The Joneses do not just own a lot of stuff, they are also very active church members. Take for example, the Word of Wisdom. While the Word of Wisdom includes a few basic health laws in section 89 of the Doctrine and Covenants, the Joneses have decided to add a few more things to the Word of Wisdom. They suggest that eating white bread or refined white sugar is a violation of the Word of Wisdom. They also suggest adding chocolate to the list of no-nos in the Word of Wisdom. Oh yeah, the Joneses certainly have added caffeinated drinks as a sin in the Word of Wisdom.
The Joneses also magnify their callings. Mrs. Jones makes sure to have the best centerpiece for her relief society lesson and Mr. Jones makes sure the Young Men’s high adventure activity is the best activity the ward has ever seen. The Joneses also never missed a family home evening, never watch television on Sunday, and always follow the prophet’s teaching that we should read the scriptures for at least half an hour each day.
So what are the Joneses Really Like?
So the Joneses are highly in debt and cannot afford all their things they are so proud of. They also work so hard at their callings that they forget about their kids and spouse to ensure that they are the best Relief Society president, Primary president, Bishop, Elder’s quorum president, and so forth. On the outside, the Joneses are perfect, but more often than not, the Joneses are falling apart on the inside.
Why do we want to be like the Joneses then?
There are many reasons why we try to keep up with the Joneses. We may have a desire to show off our success. We may feel like we deserve to have what other people have. There is a proliferation of advertisements and product placements telling us all the things in life that we “need.” A society that favors instant gratification over hard work.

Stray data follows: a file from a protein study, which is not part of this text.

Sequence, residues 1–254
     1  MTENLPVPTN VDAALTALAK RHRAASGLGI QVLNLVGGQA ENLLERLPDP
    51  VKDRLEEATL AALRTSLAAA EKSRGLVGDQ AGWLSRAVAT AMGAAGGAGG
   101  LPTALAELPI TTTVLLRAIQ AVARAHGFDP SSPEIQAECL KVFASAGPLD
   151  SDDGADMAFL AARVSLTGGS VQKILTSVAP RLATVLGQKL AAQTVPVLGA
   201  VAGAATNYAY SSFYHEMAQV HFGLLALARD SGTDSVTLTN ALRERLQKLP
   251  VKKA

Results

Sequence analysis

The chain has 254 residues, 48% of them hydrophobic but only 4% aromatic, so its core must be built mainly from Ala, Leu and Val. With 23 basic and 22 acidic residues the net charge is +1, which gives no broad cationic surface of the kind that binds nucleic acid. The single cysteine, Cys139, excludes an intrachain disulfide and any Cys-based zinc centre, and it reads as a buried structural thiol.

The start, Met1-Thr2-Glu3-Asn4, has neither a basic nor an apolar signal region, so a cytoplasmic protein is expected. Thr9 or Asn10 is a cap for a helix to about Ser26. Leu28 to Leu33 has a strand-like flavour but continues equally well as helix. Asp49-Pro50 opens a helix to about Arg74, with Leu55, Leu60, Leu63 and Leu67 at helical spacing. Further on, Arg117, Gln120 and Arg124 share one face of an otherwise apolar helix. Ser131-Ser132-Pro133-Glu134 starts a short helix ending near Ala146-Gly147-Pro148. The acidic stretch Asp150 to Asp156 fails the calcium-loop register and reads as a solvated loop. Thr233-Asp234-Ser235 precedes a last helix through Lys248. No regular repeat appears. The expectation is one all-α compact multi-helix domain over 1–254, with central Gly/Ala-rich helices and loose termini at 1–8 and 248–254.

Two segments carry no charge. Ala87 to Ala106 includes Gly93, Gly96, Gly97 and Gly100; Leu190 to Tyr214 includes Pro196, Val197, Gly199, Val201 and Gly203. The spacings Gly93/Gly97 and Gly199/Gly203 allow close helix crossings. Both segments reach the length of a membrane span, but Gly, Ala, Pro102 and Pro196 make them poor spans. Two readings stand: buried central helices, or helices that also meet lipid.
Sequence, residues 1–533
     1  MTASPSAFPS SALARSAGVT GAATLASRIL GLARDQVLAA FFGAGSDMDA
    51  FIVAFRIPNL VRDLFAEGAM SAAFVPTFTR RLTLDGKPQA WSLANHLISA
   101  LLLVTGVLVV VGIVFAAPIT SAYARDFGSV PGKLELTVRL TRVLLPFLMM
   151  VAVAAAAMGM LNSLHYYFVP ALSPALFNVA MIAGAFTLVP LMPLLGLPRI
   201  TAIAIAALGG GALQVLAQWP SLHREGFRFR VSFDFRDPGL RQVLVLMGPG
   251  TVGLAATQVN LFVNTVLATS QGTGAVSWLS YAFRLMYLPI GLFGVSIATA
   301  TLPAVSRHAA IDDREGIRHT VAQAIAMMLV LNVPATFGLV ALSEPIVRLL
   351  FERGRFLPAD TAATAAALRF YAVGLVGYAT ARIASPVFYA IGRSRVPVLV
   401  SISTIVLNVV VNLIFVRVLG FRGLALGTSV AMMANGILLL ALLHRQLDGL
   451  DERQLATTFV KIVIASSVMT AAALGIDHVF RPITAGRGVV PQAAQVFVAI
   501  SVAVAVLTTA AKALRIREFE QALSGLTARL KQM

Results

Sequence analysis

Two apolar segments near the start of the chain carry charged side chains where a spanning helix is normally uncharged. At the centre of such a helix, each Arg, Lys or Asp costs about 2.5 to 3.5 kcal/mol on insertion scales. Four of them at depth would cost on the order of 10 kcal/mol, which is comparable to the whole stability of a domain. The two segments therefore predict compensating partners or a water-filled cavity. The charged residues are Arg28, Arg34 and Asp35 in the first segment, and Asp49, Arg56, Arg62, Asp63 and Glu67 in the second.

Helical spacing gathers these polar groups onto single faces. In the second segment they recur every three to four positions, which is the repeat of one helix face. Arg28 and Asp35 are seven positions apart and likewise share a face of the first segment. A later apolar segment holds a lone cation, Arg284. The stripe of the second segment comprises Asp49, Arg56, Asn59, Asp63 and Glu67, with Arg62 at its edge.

However, if your real goal is true happiness, keeping up with the Joneses is not the way to get there. There are two standards we can live up to, the Lord’s standards and society’s standards. If we choose to live by the Lord’s standards rather than society’s standards then our best efforts are enough.
In the 2008 October general conference, Elder Neil L. Anderson shared a great talk titled “You Know Enough.” In the talk he shared that, “Challenges, difficulties, questions, doubts—these are part of our mortality. But we are not alone. As disciples of the Lord Jesus Christ, we have enormous spiritual reservoirs of light and truth available to us. Fear and faith cannot coexist in our hearts at the same time. In our days of difficulty, we choose the road of faith. Jesus said, ‘Be not afraid, only believe.’”
Another great article to read when we are wondering if we are good enough is shared by John Huntinghouse in LDS Smile on February 25, 2014, titled “Who You Are Is Enough.” In this article, John shared that “Don’t you ever forget how amazing you are and your divine potential. Don’t let Satan deceive you of how much good you are to this world. Not only do all of us have value, you specifically have value.”
When we feel that the only way to have value in this life is to keep up with the Joneses, we need to consider who we are, who are heavenly parents are, and why we are here. We certainly do have divine potential and Heavenly Father loves us. He accepts our striving to become like the Savior as “Enough.” So let us stop keeping up with the Joneses and start following the Lord’s teachings. If you are feeling like you are not measuring up, then follow the admonition of the Savior when he said, “Come unto me, all ye that labour and are heavy laden, and I will give you rest.”